Immigration reform: Creating an earned path to citizenship
Immigration reform has been the central issue of discussion in the United States in recent weeks. It started with the so-called gang-of-eight, a group of bi-partisan senators, introducing their immigration reform plans, followed by President Barack Obama’s announcement on his own plan. The House Judiciary Committee also began its hearings, choosing immigration as their first subject of discussion.
All these indicate that the momentum for immigration reform is building up, drumming up excitement in immigrant communities. Several of those who could benefit from the reform are eagerly seeking clarification on steps to be taken in the event the law is passed.
Very recently, I received the following e-mail from a reader: “I came to the US with a tourist visa in 2008. On the very date of expiration of my stay on April 13, 2009, I married a man with permanent status. But we have conflicts in our relationship and we don’t live together now. He does not want to get his citizenship and he has not filed a petition for me up to this time although he also does not want to divorce me.
“My question is, what should I be doing right now in preparation for the coming immigration laws of President Obama? Secondly, can I possibly file on my own petition without any required signature of my husband? Thirdly, should I be doing something, like filing a divorce in preparation for the possible amnesty as being pushed by Pres. Obama? Please help!”–Marie
Marie presents a typical visitor visa holder who overstayed and fell out of status. For those who are currently undocumented, understanding the basic principles laid down by the bi-partisan Senators and President Obama will provide us with an idea of what Congress might pass as immigration reform.
In his speech, Obama generally mentioned four parts of his proposed immigration reform: (1) continue to strengthen the borders; (2) crack down on companies that hire undocumented worker; (3) hold undocumented immigrants accountable before they can earn their citizenship—this means requiring undocumented workers to pay their taxes and a penalty, move to the back of the line, learn English, and pass background checks; and (4) streamline the legal immigration system for families, workers, and employers.
The bi-partisan Senators laid down four pillars of their own immigration reform plan: (1) create a tough but fair path to citizenship for unauthorized immigrants currently living in the US that is contingent upon securing the borders; (2) reform the legal immigration system to better recognize the importance of characteristics that will help build the American economy and strengthen American families; (3) create an effective employment verification system; and (4) establish an improved process for admitting future workers to serve the nation’s workforce needs.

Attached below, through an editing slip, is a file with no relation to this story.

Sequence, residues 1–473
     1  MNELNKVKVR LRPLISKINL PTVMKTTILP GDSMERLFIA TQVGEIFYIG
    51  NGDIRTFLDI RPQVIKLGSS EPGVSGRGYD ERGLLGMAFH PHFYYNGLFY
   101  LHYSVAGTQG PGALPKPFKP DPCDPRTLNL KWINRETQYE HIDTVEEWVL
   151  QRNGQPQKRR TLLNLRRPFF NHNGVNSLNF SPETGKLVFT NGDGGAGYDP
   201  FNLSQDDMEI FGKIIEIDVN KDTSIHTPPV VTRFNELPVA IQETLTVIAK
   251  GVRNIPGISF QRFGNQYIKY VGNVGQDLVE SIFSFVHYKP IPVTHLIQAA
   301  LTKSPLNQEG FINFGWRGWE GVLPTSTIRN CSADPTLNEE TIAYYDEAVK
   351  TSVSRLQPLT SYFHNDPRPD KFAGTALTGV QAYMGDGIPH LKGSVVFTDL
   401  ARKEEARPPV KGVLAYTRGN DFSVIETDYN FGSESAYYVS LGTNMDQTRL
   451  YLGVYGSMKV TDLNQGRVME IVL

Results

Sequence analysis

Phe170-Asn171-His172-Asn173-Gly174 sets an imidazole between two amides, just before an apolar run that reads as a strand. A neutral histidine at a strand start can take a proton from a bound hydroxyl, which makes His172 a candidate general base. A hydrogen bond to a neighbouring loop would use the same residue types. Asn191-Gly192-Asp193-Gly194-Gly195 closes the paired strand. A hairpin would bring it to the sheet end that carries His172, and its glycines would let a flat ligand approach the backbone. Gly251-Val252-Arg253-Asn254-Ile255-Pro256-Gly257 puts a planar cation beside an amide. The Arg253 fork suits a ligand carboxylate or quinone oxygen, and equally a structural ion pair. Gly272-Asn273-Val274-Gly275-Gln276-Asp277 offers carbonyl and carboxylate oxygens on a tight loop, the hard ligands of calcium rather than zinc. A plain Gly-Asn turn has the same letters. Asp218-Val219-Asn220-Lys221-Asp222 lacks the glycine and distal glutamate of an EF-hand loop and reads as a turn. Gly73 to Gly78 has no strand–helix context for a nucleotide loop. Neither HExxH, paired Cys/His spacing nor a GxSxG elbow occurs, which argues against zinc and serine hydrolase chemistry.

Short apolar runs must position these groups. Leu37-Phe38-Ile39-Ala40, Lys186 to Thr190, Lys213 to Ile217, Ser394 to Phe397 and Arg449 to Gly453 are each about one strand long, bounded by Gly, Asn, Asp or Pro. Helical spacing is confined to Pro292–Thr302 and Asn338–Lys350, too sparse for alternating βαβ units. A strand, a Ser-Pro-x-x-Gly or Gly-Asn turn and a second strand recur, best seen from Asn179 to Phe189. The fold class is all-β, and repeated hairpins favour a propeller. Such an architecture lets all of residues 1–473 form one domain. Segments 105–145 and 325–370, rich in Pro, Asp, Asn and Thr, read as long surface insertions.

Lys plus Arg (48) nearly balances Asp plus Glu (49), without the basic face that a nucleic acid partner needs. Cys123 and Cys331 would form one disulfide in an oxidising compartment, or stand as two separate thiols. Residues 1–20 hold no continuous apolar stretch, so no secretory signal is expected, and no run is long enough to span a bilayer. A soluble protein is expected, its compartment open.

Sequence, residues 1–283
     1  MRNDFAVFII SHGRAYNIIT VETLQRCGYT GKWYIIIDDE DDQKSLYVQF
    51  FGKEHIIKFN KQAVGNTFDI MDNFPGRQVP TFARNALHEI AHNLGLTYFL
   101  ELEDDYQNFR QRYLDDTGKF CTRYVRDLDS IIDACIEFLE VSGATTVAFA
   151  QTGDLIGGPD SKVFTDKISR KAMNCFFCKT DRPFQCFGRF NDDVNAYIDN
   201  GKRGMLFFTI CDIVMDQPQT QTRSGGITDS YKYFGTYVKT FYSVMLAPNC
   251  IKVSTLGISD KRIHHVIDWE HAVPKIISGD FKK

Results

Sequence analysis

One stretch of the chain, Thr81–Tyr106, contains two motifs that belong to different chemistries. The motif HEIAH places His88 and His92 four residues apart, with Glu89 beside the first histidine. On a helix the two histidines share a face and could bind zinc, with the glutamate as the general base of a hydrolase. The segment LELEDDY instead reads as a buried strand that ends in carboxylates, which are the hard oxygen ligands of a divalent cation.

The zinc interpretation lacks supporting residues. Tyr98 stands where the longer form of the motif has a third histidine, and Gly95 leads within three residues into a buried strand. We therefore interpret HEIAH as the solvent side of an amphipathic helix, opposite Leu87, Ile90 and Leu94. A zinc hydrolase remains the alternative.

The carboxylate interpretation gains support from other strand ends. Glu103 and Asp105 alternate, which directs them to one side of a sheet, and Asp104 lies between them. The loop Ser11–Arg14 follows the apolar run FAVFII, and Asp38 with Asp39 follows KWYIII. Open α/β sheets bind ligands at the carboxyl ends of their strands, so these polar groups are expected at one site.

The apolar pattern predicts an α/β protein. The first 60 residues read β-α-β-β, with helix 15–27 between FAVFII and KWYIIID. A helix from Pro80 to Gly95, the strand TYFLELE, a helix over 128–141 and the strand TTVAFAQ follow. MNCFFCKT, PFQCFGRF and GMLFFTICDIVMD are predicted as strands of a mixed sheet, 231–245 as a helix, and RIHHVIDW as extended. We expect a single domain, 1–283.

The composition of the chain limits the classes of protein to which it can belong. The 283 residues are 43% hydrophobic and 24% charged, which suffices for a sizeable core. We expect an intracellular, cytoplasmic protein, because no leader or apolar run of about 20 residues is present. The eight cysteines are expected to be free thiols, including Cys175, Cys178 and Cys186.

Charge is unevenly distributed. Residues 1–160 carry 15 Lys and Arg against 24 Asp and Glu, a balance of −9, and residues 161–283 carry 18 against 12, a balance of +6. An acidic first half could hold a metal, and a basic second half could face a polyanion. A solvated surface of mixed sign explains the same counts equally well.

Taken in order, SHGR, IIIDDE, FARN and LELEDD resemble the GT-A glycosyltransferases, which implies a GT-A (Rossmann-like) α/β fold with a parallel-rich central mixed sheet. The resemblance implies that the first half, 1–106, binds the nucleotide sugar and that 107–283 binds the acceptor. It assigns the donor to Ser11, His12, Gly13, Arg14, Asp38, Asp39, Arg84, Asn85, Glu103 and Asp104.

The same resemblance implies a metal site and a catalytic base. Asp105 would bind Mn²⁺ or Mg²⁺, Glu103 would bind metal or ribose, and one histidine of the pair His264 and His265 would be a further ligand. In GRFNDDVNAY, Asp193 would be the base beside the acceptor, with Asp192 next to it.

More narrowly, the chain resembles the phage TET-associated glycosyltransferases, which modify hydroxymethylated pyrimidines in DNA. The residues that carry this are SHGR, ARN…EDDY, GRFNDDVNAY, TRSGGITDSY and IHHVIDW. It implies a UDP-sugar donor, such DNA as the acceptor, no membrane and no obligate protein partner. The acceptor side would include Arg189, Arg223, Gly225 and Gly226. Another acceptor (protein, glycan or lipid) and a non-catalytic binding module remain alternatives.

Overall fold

Both President Obama and the senators agreed that the immigration system is broken and that there is a need to fix it through a comprehensive reform. They both agreed that once the undocumented become legal immigrants, there should be a pathway to citizenship. The senators’ proposal, however, will allow the opportunity to become US citizens only when the borders are fully secured.
There is no such contingency on Obama’s plan. Both border security and interior enforcement efforts have been aggressively taken in the last decade. There is a budget of $18 billion annually for enforcement to secure the border and the interiors. More than 409,849 were also deported in 2012 according the figures reported by the Department of Homeland Security. All these indicate aggressive efforts toward securing both the border and the interiors. To make security of the border as a condition precedent to receiving the green card would be unjustifiable.
Waiting in Line
Interesting to note is the proposal that those present in the US and who are undocumented, will have to wait in line behind those who have been waiting for several years to receive their green card. This means that there will be no green cards to undocumented immigrants unless all those who have filed petitions ahead of them received their green cards. Unfortunately, close family members and legal permanent residents wait years or even decades to get a visa.
It is not easy to simply get into the line. The waiting time is long especially for petitions of US citizens for siblings coming from the Philippines. It takes 24 years before these siblings are able to immigrate. For adult children of US citizens, it takes 16 to 19 years before a visa is made available. An undocumented who will have to wait that long before a green card is issued will suffer the effects of a backlog before his status is legalized. Real reform must provide a solution to reducing the backlog. This may be done by adding more visas to both family and employment categories.
To Marie and those who are similarly situated, keeping handy all immigration documents related to their entry to the US may be a step towards preparing to legalize one’s status. Another important note is not to make major plans to travel unless it is authorized.
(Tancinco may be reached at 8877177 or 7211963 or e-mail her at firstname.lastname@example.org or visit her website at www.tancinco.com)